The King County Council awarded nine citizens the Martin Luther King Jr. Medal of Distinguished Service on Feb. 27. And for the fourth year, councilmembers awarded individuals in their district who have answered the question by Rev. Dr. Martin Luther King Jr., “What are you doing for others?”
On the Eastside, Amy Biggs director of the Snoqualmie Valley Transportation (SVT) was not expecting to be recognized by Councilmember Kathy Lambert, who represents District 3.
“I’m just honored,” Biggs said. “It was very kind of Kathy to even think of me. I’m really honored.”
Biggs joined SVT as director in 2012, when the organization had lost funding due to cutbacks during the Great Recession. Biggs helped to secure the contract with King County Metro Transit.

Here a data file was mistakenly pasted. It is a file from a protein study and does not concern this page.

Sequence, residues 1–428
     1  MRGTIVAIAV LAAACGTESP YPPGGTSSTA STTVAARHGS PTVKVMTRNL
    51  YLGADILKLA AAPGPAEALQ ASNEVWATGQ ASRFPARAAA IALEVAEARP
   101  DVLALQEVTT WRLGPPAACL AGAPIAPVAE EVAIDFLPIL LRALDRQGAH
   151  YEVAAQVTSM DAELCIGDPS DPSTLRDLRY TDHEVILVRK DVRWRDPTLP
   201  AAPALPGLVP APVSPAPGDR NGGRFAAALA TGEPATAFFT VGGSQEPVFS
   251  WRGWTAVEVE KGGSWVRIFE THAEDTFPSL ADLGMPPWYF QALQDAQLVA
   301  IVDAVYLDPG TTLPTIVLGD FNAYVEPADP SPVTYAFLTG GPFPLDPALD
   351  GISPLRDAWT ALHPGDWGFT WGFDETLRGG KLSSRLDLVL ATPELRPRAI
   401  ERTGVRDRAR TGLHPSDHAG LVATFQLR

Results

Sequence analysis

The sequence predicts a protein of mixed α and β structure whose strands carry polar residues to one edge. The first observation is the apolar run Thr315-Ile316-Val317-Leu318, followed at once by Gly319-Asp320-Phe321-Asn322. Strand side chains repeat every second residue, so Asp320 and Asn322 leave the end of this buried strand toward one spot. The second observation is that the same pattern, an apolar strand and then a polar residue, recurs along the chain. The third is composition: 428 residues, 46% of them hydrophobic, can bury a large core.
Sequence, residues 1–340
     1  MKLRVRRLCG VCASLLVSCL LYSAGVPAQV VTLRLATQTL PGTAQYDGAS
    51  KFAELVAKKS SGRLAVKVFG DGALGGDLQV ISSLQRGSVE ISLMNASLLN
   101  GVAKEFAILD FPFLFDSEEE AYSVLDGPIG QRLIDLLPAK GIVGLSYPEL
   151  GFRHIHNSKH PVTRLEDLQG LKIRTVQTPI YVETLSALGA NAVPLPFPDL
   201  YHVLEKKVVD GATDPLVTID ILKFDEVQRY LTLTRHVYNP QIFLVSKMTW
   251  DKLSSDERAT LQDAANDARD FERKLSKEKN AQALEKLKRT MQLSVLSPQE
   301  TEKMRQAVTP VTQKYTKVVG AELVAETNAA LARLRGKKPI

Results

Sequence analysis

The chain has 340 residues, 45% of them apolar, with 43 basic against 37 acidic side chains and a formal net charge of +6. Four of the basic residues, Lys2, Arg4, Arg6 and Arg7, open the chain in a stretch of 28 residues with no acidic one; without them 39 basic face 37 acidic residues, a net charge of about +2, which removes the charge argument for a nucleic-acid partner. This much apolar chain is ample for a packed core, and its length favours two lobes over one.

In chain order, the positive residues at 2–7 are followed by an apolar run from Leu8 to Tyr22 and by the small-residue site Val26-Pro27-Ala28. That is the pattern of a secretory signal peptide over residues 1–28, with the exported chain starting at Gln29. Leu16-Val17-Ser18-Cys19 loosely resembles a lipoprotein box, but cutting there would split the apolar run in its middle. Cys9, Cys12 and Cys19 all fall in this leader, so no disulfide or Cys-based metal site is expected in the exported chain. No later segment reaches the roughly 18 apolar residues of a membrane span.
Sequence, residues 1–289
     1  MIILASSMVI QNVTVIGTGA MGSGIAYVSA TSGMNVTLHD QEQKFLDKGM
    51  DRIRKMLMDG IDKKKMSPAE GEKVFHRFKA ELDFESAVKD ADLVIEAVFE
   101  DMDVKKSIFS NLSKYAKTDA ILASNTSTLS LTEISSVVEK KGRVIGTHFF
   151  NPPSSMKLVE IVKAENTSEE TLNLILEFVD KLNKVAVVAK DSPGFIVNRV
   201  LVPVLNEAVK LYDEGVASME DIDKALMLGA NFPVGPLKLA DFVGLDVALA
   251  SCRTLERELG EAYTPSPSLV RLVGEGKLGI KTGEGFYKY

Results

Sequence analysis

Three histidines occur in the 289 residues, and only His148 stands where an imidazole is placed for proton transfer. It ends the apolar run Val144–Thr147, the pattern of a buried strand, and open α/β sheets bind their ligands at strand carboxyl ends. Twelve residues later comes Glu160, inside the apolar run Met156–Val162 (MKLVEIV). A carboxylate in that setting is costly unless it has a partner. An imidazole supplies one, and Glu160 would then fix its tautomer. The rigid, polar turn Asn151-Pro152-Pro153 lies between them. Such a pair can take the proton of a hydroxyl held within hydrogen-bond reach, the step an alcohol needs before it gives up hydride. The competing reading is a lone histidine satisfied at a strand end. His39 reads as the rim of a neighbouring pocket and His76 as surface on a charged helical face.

“In a rural area, transportation is life,” Biggs said. “If you don’t have a car, how do you get around? How do you get to [the] food bank, medicine, doctor or dialysis? Transportation is life in a rural area.”
In order to not lose more connections in the Valley, Metro contracted with SVT for the first time to provide services in Duvall, Carnation, Fall City, Snoqualmie and North Bend. SVT was the first company to provide door-to-door as well as fixed-route transportation, through the contract with Metro’s “Community Connections” program. SVT’S success encouraged Metro to expand its alternative services program.
Lambert previously said she was excited to present the Medal of Distinguished Service to Biggs. She added that Biggs has done a “tremendous” job of helping residents in the Valley to access reliable transportation through SVT.
“Thanks to her dedication to the area, residents are able to get to medical appointments, their jobs, the grocery store, and more,” Lambert said in a release.